19th Century English Essayists
De Quincey was fascinated by the case and, ages before Truman Capote's In Cold Blood, drew upon the killings as inspiration for a lengthy literary narrative, "On Murder Considered as One of the Fine Arts." Like Capote, De Quincey seemed to have more interest in the mechanics of crime than its victims and was keen to commodify real-life tragedy into a cultural event.His deepest vein of dark material came from his own life, which was dogged by pain from the start.First published without a byline in London Magazine, Confessions came along when English journalism was especially hungry for copy.Boosted by improvements in printing technology, the periodical trade was booming, with essayists such as Charles Lamb and William Hazlitt enjoying a steady pipeline for their work.and many sensationalist-type novels written for money. New England-born nature poet, author of the poems "Thanatopsis" and "To a Water-fowl," and long-time editor of the . Ardent abolitionist and early feminist, she was a successful author of fiction, non-fiction, and children's books throughout her life. American woman novelist and story writer, author of ; associated with local color writing, New Orleans, and stories about women's lives. Prolific and popular American novelist, author of the Leatherstocking Tales. American author of realistic novels and stories, best known for the Civil War novel (1840). A towering figure in American poetry, a woman who lived quietly all her life in Amherst, Mass. An African American born a slave, a writer, journalist, autobiographer, race leader, abolitionist. That reality rises to the surface of Frances Wilson's appreciative, yet unflinching account of De Quincey's life.She begins her perceptive biography in December 1811, when two London families (including a baby) were slaughtered in their homes in what came to be known as the Ratcliffe Highway murders.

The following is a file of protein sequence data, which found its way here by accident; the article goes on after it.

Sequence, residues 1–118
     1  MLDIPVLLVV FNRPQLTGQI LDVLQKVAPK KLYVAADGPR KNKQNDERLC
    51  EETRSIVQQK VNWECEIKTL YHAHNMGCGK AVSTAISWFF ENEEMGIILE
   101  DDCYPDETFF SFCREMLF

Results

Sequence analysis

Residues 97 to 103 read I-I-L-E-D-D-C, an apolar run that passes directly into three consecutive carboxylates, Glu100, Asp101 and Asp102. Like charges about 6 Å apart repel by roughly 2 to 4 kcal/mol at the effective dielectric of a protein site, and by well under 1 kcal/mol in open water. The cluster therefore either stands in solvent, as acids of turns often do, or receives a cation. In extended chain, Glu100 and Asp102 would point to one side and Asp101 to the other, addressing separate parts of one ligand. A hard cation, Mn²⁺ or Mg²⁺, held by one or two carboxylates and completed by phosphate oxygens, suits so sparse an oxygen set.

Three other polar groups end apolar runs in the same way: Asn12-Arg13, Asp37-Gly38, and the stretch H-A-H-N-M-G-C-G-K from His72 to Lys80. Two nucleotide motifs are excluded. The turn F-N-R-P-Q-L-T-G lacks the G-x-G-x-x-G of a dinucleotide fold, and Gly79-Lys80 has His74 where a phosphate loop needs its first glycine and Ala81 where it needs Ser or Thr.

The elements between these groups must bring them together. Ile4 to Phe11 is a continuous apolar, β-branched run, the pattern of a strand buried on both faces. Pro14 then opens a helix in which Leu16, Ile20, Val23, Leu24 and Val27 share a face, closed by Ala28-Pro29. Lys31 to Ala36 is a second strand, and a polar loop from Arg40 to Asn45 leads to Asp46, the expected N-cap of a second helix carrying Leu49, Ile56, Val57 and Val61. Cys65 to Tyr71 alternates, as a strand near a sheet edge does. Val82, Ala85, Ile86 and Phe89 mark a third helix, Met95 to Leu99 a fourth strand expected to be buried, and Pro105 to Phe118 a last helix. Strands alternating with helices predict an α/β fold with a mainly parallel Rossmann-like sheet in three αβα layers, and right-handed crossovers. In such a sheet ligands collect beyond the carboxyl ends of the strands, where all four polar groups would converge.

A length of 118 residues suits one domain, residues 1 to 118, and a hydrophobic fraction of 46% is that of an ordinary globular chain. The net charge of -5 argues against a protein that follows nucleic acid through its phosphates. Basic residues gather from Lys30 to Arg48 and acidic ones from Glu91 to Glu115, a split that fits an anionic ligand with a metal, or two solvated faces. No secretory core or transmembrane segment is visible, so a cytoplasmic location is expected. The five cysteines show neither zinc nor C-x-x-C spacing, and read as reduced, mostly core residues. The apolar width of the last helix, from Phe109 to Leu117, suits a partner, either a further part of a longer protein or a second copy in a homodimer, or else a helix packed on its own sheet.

Unitarian and transcendentalist, associated with Boston.
Born in Africa and brought to Boston as a slave, she was the first black American to publish a book.
The great nineteenth-century American poet, author of . Born in Haverhill, Mass., a devout Quaker, social reformer, journalist, poet, and editor, who wrote passionately for abolition.
n the vivid and varied world of 19th-century British literature, Thomas De Quincey (1785-1859) endures as a striking footnote.
He produced 250 essays published in 21 volumes, along with dabbling in fiction, yet is known today—to the extent he's known at all—for one book, an 1822 memoir of addiction entitled Confessions of an English Opium-Eater.